New York Telephone Company (Became NYNEX) Gold Bond - 1919

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Beautiful engraved RARE specimen certificate from the New York Telephone Company dated in 1919. This historic document was printed by American Bank Note Company and has an ornate border around it with a vignette of a group of allegorical people with a candlestick phone in the center. This item is over 88 years old. is a name you can TRUST!
Certificate Vignette
The New York Telephone Company (NYTel) was organized in 1896, taking over the New York City operations of the American Bell Telephone Company. The Telephone Company of New York was formed under franchise in 1876 to rent telephone instruments to users, who were expected to provide wires to connect them, for example from factory to office. Such connections already existed for private telegraphs, and the new invention promised to save the cost of hiring a private telegraph operator. Manufacturers of steel wire for the Brooklyn Bridge then under construction were especially prominent among the customers under this scheme, using their own product. Western Union subsidiaries, including Atlantic & Pacific Telegraph, Gold and Stock Telegraph, and American Speaking Telephone, based their New York and San Francisco operations on the telephone exchange principle and thus were larger and more advanced than the local Bell operations. Under the November 1879 settlement of the Elisha Gray patent infringement lawsuit, Western Union handed over its telephone operations to National Bell Telephone, which then renamed itself American Bell Telephone. The merged local company was called the Metropolitan Telephone Company and in 1896 the New York Telephone Company. American Telephone and Telegraph (AT&T) eventually acquired a controlling interest. The company went underground in a big way in the 1920s, creating expensive new outside plant that fixed its geometry for the century to come. New cable ducts brought more reliable service to customers. They converged at approximately twenty wire centers, which were connected by larger trunk cable ducts running along the East and West Sides of Manhattan. The locations were a mile or sometimes two miles apart, close to concentrations of office workers without paying prime prices for land. At each wire center a new central office arose to house telephone switchboards, panel switches and other inside plant, and technicians, clerks, operators and other workers. The Manhattan and Bronx parts of the underground empire are owned by the Empire City Subway Company subsidiary. Similar construction, on a smaller scale, went on in Brooklyn, Buffalo and other urban territories. Suburban and rural service also expanded, mostly with aerial cable or open wire plant and Strowger switches. Forecasters in the late 1960s underestimated demand, resulting in a shortage of capacity in Manhattan, NYTel's principal profit area. Customers had to wait weeks for a new line or a repair, and sometimes minutes for dial tone on an existing line. The new 1ESS Stored Program Control exchanges had software bugs that kept them from carrying full load. Deferred maintenance choked MDFs with dead jumpers. There weren't enough cables to office buildings, nor enough underground conduits to install them. Morale was poor in all levels and departments. The company responded by hiring and training thousands of new employees and buying much new equipment for them to work on. Underground construction took years, but emergency installation of Anaconda Carrier pair gain systems normally used in rural areas expanded service while construction was in progress. Bell Labs added processing power to their new systems and fixed the software bugs. A new wire center at 1095 Avenue of Americas relieved four others of part of their load, as well as providing the company with a new headquarters for the next quarter century. The crisis subsided during the 1970s and workers accustomed to heavy overtime had to learn to go home on time and get along on their base pay. New York Telephone was an AT&T subsidiary until the AT&T breakup effective January 1, 1984. At that time, New York Telephone, along with the New England Telephone & Telegraph Company, became part of a Regional Bell operating company named NYNEX. The company was referred to as "New York Telephone, a NYNEX Company" before being called simply "NYNEX". On August 15, 1997, Bell Atlantic was acquired by NYNEX, who adopted the Bell Atlantic name. On June 30, 2000, Bell Atlantic acquired GTE to form the current Verizon Communications. Approximately at that time, New York Telephone's headquarters returned to 140 West St., New York, NY. New York Telephone provides local telephone service throughout the state of New York, with the exception of the area served by the Rochester Telephone Company. The company also serves the Greenwich and Byram exchanges in Connecticut. The rest of Connecticut is served by SNET, an AT&T company. One of New York Telephone's most widely-used advertising slogans/jingles was "We're all connected... New York Telephone." New York Telephone, then operating under the Bell Atlantic brand, was the first Bell telephone company to win approval to provide long distance service within its operating territory in December 1999, following the Telecommunications Act of 1996. History from Wikipedia and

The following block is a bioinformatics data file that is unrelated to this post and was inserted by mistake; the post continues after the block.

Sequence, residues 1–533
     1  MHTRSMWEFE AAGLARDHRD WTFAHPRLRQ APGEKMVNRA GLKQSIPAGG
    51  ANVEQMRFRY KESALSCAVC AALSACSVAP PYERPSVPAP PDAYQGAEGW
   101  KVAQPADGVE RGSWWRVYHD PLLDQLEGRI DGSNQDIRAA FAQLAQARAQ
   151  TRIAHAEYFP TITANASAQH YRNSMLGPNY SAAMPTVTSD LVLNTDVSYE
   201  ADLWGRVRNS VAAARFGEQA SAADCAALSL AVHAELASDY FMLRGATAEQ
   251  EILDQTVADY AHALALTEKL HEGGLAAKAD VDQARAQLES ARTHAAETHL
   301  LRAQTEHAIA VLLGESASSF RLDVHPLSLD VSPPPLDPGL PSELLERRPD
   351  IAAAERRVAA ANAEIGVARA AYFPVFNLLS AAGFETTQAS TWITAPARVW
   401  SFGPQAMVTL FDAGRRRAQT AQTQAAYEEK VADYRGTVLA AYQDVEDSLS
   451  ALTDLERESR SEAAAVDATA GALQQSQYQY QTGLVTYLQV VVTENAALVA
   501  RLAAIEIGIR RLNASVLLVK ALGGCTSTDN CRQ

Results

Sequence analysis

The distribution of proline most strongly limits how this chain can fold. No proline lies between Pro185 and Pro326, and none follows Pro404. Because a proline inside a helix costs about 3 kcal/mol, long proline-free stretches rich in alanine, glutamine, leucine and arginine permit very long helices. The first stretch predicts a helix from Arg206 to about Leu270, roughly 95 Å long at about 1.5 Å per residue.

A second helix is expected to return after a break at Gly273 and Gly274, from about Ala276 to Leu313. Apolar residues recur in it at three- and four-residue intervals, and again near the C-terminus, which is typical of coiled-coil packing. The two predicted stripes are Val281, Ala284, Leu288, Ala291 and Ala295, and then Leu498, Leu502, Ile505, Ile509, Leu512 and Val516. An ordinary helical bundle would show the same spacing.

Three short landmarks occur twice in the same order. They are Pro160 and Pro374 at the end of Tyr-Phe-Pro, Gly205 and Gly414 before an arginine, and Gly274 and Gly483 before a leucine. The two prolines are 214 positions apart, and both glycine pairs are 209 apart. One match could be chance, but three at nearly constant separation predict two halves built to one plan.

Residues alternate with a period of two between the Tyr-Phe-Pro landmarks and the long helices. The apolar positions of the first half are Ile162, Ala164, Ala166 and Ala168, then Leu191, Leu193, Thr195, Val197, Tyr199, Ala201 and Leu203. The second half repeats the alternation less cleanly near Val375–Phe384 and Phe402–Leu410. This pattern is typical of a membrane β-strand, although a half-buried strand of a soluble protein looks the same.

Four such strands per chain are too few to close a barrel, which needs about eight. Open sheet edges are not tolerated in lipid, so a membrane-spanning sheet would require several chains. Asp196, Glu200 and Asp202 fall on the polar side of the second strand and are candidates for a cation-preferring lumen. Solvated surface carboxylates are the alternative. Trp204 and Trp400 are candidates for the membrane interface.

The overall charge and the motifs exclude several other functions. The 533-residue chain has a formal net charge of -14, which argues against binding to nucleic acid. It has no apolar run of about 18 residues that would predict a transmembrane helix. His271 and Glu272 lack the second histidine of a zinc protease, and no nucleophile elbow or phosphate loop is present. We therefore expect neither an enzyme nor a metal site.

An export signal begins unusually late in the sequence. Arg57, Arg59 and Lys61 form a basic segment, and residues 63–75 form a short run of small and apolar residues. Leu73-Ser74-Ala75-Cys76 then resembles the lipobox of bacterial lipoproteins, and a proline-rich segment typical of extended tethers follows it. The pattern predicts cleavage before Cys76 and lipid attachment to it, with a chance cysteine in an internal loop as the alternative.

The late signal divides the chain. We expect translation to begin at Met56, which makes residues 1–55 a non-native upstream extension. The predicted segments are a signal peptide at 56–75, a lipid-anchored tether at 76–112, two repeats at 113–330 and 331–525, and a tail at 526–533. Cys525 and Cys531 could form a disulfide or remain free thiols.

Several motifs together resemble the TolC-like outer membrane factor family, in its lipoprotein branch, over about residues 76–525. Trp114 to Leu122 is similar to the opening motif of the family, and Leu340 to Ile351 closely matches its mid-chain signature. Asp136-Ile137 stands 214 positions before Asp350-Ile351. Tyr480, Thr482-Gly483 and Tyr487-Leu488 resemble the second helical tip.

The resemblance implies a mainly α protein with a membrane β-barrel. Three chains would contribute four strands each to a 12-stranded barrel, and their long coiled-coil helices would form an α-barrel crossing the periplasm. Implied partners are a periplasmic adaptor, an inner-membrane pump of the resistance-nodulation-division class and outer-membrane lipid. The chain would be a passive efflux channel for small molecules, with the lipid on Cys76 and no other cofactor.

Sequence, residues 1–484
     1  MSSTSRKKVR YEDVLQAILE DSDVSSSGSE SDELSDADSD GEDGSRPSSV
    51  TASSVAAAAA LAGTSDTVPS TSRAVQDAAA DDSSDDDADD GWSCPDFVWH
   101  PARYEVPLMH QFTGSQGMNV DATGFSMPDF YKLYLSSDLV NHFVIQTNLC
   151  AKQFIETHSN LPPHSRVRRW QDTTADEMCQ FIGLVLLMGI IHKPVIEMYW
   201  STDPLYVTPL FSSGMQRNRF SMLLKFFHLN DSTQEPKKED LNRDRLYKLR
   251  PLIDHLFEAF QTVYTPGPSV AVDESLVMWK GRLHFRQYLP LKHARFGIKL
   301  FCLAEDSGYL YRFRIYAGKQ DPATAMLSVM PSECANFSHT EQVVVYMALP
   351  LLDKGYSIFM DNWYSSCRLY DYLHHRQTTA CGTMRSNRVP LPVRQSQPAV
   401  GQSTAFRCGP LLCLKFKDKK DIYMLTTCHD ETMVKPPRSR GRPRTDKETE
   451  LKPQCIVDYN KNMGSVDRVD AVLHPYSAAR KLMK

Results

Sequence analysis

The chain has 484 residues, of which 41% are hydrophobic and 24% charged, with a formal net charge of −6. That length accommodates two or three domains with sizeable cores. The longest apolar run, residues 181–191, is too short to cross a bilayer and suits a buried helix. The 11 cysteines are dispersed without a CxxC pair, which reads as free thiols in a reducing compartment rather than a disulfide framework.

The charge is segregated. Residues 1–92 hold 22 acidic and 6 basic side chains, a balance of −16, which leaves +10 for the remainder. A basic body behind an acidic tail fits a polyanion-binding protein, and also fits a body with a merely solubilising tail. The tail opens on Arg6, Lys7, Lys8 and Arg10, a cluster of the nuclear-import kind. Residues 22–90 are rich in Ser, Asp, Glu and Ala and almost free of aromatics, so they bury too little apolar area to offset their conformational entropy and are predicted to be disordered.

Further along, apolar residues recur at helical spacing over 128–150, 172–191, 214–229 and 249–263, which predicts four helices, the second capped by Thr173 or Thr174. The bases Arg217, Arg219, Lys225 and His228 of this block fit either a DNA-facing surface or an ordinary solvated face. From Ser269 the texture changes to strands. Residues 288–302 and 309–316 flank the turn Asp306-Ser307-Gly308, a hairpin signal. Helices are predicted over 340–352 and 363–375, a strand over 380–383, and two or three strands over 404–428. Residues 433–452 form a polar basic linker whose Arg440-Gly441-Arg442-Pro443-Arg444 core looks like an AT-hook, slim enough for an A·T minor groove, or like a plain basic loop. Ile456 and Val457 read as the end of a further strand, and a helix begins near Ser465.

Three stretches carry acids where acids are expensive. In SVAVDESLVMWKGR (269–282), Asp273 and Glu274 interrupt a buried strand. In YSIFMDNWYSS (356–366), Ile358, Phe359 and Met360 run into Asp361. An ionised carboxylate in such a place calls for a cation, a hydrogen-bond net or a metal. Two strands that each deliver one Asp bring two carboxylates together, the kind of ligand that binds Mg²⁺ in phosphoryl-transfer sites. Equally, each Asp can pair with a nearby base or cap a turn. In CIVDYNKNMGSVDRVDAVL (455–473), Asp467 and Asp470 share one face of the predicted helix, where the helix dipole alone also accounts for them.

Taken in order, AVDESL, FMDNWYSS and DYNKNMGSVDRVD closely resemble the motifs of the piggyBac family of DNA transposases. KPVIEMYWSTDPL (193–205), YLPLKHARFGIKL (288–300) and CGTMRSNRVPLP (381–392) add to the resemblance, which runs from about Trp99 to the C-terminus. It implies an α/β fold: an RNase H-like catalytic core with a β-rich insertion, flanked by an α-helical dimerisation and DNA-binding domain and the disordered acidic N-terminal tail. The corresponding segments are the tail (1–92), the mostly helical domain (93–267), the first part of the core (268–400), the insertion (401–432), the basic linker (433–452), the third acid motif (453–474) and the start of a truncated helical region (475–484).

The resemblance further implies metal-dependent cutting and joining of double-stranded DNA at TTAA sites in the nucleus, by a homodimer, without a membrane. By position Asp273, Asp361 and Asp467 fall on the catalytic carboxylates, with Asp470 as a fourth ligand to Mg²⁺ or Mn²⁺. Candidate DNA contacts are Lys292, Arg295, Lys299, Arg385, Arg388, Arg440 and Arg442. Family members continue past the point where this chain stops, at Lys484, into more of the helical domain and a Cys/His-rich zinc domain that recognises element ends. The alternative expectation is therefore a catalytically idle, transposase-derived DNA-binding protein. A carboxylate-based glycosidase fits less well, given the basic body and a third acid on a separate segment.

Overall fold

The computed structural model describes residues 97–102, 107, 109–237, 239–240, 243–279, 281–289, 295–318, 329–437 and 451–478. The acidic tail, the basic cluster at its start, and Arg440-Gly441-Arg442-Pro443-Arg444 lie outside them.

About Specimens Specimen Certificates are actual certificates that have never been issued. They were usually kept by the printers in their permanent archives as their only example of a particular certificate. Sometimes you will see a hand stamp on the certificate that says "Do not remove from file". Specimens were also used to show prospective clients different types of certificate designs that were available. Specimen certificates are usually much scarcer than issued certificates. In fact, many times they are the only way to get a certificate for a particular company because the issued certificates were redeemed and destroyed. In a few instances, Specimen certificates we made for a company but were never used because a different design was chosen by the company. These certificates are normally stamped "Specimen" or they have small holes spelling the word specimen. Most of the time they don't have a serial number, or they have a serial number of 00000. This is an exciting sector of the hobby that grown in popularity over the past several years.